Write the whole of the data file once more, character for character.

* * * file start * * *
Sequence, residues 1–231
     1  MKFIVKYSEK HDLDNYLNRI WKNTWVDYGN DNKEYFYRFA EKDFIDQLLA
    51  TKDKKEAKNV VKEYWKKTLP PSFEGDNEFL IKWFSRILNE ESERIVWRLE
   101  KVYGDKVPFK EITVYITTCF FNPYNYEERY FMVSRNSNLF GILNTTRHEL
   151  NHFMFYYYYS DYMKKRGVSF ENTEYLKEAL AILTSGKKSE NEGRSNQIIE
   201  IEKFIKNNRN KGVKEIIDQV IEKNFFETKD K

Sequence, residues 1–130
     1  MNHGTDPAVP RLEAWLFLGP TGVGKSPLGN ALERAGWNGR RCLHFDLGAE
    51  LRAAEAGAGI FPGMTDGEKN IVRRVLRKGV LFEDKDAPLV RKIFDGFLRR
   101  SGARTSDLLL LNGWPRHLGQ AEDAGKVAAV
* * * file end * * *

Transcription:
Sequence, residues 1–231
     1  MKFIVKYSEK HDLDNYLNRI WKNTWVDYGN DNKEYFYRFA EKDFIDQLLA
    51  TKDKKEAKNV VKEYWKKTLP PSFEGDNEFL IKWFSRILNE ESERIVWRLE
   101  KVYGDKVPFK EITVYITTCF FNPYNYEERY FMVSRNSNLF GILNTTRHEL
   151  NHFMFYYYYS DYMKKRGVSF ENTEYLKEAL AILTSGKKSE NEGRSNQIIE
   201  IEKFIKNNRN KGVKEIIDQV IEKNFFETKD K

Sequence, residues 1–130
     1  MNHGTDPAVP RLEAWLFLGP TGVGKSPLGN ALERAGWNGR RCLHFDLGAE
    51  LRAAEAGAGI FPGMTDGEKN IVRRVLRKGV LFEDKDAPLV RKIFDGFLRR
   101  SGARTSDLLL LNGWPRHLGQ AEDAGKVAAV